Acoustic data were initially processed using synthetic aperture sonar (SAS) techniques, and the data were further processed to generate acoustic templates for the target strength as a function of frequency and aspect angle. Preliminary results of the processing of data collected from proud targets are presented. Also presented are the results associated with a processing technique that permits isolation of the response of an individual target, which is in close proximity to other targets.

Measurements and modeling of the acoustic scattering from an aluminum pipe in the free field and in contact with a sand sediment

Espana, A.L., K.L. Williams, S.G. Kargl, M. Zampolli, T.M. Marston, and P.L. Marston, "Measurements and modeling of the acoustic scattering from an aluminum pipe in the free field and in contact with a sand sediment," In Proceedings, MTS/IEEE OCEANS 2010, Seattle, 20-23 September, doi:10.1109/OCEANS.2010.5664603 (MTS/IEEE, 2010).

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20 Sep 2010

Recent experiments conducted in a fresh water pond investigated the monostatic scattering from an aluminum pipe (length-to-diameter ratio of 2) in the free field, as well as in a proud configuration on a flattened sand sediment. Synthetic aperture sonar (SAS) techniques are used to process the data. Absolute target strength is calculated over various spatial filter boundaries of the SAS images in order to isolate the specular and elastic responses of the pipe. A finite element (FE) model has been developed for the aluminum pipe in the free field, making use of the exact geometry associated with the pond experiment. The absolute target strength from these FE calculations is plotted in a similar manner to the experimental data, whereby the specular and elastic contributions are identified and compared to the data.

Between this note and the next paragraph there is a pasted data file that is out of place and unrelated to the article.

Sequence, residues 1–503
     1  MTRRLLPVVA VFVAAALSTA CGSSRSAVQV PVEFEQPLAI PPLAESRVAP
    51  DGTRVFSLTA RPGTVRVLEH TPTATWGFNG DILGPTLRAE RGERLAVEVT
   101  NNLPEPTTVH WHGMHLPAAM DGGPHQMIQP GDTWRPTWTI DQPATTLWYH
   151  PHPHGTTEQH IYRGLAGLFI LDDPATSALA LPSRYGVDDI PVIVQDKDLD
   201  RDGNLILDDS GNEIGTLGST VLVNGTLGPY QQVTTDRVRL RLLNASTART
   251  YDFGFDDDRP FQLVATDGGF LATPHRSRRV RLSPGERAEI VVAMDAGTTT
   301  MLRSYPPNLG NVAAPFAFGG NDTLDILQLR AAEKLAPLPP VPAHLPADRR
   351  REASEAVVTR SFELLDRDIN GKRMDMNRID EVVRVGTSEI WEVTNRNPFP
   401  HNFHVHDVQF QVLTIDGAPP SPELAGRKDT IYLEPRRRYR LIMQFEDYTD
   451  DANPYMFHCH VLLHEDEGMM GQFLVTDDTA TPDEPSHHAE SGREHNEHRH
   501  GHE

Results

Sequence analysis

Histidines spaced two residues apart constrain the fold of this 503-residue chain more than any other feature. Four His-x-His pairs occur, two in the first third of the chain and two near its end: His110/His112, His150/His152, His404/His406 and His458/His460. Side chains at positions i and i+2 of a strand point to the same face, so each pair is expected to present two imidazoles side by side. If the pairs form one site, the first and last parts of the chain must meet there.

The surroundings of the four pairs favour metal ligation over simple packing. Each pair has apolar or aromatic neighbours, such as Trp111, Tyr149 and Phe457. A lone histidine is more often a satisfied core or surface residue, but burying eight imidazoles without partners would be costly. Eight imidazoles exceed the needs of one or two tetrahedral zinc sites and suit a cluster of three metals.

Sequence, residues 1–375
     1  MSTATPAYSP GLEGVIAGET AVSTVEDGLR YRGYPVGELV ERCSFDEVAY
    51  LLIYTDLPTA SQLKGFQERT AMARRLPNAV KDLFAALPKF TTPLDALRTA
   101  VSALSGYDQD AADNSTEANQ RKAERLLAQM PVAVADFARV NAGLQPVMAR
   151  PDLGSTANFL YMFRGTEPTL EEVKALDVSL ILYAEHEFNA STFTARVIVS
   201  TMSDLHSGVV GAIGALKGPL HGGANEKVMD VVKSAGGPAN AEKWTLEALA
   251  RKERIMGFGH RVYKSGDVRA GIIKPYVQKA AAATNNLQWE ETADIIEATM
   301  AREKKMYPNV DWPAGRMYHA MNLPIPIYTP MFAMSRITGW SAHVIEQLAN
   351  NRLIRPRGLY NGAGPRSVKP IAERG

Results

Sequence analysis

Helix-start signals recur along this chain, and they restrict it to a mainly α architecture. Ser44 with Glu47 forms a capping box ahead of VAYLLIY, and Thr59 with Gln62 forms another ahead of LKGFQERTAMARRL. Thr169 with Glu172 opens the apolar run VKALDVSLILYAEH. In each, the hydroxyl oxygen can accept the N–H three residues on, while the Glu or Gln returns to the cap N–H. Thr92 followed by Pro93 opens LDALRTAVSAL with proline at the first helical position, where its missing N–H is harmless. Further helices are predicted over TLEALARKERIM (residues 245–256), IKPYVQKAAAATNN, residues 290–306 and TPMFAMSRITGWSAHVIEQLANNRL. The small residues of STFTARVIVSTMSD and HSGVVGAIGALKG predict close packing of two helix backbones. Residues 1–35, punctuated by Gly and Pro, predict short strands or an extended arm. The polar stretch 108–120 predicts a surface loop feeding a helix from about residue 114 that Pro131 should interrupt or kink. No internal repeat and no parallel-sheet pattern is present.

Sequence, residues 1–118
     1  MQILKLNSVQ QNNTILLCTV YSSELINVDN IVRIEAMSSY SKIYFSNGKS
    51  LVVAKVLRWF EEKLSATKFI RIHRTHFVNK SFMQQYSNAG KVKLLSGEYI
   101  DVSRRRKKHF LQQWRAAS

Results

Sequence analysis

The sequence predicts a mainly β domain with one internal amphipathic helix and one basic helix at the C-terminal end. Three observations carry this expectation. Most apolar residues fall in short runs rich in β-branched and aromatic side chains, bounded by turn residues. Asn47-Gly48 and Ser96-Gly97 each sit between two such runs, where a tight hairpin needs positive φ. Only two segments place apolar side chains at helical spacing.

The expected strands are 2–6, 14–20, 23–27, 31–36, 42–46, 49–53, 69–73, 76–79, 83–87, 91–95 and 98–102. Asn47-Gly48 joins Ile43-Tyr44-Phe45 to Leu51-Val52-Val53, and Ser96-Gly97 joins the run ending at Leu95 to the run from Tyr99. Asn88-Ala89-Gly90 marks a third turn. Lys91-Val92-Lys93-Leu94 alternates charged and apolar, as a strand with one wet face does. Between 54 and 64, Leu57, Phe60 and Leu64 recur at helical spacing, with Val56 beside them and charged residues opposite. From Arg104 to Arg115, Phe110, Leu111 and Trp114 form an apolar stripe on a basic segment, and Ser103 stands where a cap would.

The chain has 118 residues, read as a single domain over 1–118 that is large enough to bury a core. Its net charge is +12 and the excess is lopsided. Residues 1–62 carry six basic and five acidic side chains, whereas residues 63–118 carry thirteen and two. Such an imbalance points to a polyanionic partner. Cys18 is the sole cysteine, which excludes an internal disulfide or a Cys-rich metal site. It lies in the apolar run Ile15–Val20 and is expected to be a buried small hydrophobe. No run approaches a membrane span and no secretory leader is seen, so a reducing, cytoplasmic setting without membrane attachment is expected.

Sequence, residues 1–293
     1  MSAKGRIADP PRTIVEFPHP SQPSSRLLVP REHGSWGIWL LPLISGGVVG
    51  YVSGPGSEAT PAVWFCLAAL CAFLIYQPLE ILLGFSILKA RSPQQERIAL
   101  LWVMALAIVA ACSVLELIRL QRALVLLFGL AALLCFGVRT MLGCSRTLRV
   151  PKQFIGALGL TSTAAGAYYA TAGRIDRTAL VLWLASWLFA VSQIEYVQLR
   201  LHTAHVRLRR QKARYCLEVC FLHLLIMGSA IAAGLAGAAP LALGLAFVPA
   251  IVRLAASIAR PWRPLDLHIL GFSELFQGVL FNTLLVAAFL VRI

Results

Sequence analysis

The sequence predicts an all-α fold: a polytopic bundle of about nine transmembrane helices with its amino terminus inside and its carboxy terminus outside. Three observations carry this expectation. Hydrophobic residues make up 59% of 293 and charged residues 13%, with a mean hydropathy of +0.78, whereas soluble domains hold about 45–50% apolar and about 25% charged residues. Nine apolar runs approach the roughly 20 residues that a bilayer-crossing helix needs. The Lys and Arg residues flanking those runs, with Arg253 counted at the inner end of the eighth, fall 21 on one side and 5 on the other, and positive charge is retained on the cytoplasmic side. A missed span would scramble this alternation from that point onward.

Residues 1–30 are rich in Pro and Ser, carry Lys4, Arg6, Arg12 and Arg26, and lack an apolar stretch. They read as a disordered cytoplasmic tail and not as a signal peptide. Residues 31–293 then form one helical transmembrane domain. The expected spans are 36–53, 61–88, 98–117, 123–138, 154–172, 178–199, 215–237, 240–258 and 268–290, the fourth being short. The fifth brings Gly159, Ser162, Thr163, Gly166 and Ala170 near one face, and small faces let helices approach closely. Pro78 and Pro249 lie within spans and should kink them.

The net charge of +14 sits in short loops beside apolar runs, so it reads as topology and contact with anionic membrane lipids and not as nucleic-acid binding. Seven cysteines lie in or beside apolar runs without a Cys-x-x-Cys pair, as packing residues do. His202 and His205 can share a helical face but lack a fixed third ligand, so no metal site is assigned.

Scattering resonances, filtering with reversible SAS processing, and applications of quantitative ray theory

Marston, T.M., P.L. Marston, and K.L. Williams, "Scattering resonances, filtering with reversible SAS processing, and applications of quantitative ray theory," In Proceedings, MTS/IEEE OCEANS 2010, Seattle, 20-23 September, doi:10.1109/OCEANS.2010.5664606 (MTS/IEEE, 2010).

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20 Sep 2010

Features present in synthetic aperture sonar (SAS) images associated with elasticity and the structural resonances of viewed objects are sometimes neglected when using SAS data for classification purposes. Other ways of processing sonar data sometimes emphasize the frequency response of the viewed object. The research described here concerns a hybrid approach based on a reversible SAS algorithm in which the acoustic spectral content contributing to a specified region of the SAS image can be extracted. The SAS algorithm uses deconvolution.